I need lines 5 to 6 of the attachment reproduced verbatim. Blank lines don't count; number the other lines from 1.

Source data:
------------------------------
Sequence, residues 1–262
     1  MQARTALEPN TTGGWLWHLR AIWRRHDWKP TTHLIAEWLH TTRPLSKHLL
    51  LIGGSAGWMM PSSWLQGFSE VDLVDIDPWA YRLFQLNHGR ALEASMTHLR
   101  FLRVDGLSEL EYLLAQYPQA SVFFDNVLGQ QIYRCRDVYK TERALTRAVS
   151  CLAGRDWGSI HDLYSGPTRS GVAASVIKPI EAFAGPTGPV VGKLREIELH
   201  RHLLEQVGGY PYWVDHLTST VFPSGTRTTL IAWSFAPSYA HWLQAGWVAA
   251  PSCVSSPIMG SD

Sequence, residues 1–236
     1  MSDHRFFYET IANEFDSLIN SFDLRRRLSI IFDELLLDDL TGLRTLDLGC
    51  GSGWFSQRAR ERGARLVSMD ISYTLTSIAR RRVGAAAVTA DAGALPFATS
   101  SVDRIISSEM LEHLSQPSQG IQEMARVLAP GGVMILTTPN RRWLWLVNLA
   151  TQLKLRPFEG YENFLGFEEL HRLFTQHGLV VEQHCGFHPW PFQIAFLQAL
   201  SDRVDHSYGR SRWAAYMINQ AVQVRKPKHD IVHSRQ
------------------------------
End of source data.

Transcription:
   151  CLAGRDWGSI HDLYSGPTRS GVAASVIKPI EAFAGPTGPV VGKLREIELH
   201  RHLLEQVGGY PYWVDHLTST VFPSGTRTTL IAWSFAPSYA HWLQAGWVAA